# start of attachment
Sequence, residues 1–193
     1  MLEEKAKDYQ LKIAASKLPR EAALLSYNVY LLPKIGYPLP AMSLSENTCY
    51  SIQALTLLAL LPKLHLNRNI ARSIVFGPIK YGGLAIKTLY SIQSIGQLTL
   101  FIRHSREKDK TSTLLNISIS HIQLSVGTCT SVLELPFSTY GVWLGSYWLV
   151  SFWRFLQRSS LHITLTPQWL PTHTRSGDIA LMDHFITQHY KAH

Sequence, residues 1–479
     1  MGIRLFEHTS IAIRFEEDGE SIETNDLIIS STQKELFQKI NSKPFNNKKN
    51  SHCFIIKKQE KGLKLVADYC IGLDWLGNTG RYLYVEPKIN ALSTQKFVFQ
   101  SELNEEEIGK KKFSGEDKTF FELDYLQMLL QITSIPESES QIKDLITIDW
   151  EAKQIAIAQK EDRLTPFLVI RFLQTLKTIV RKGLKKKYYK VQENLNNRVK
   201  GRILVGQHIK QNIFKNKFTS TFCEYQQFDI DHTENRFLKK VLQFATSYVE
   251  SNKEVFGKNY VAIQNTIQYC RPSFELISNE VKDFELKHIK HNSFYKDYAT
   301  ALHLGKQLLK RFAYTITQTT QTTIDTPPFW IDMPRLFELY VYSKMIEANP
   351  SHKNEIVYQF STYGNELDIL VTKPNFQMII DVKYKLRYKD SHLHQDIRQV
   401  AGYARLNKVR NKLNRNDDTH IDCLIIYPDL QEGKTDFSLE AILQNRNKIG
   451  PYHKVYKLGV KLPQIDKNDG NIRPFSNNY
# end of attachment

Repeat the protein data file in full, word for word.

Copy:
Sequence, residues 1–193
     1  MLEEKAKDYQ LKIAASKLPR EAALLSYNVY LLPKIGYPLP AMSLSENTCY
    51  SIQALTLLAL LPKLHLNRNI ARSIVFGPIK YGGLAIKTLY SIQSIGQLTL
   101  FIRHSREKDK TSTLLNISIS HIQLSVGTCT SVLELPFSTY GVWLGSYWLV
   151  SFWRFLQRSS LHITLTPQWL PTHTRSGDIA LMDHFITQHY KAH

Sequence, residues 1–479
     1  MGIRLFEHTS IAIRFEEDGE SIETNDLIIS STQKELFQKI NSKPFNNKKN
    51  SHCFIIKKQE KGLKLVADYC IGLDWLGNTG RYLYVEPKIN ALSTQKFVFQ
   101  SELNEEEIGK KKFSGEDKTF FELDYLQMLL QITSIPESES QIKDLITIDW
   151  EAKQIAIAQK EDRLTPFLVI RFLQTLKTIV RKGLKKKYYK VQENLNNRVK
   201  GRILVGQHIK QNIFKNKFTS TFCEYQQFDI DHTENRFLKK VLQFATSYVE
   251  SNKEVFGKNY VAIQNTIQYC RPSFELISNE VKDFELKHIK HNSFYKDYAT
   301  ALHLGKQLLK RFAYTITQTT QTTIDTPPFW IDMPRLFELY VYSKMIEANP
   351  SHKNEIVYQF STYGNELDIL VTKPNFQMII DVKYKLRYKD SHLHQDIRQV
   401  AGYARLNKVR NKLNRNDDTH IDCLIIYPDL QEGKTDFSLE AILQNRNKIG
   451  PYHKVYKLGV KLPQIDKNDG NIRPFSNNY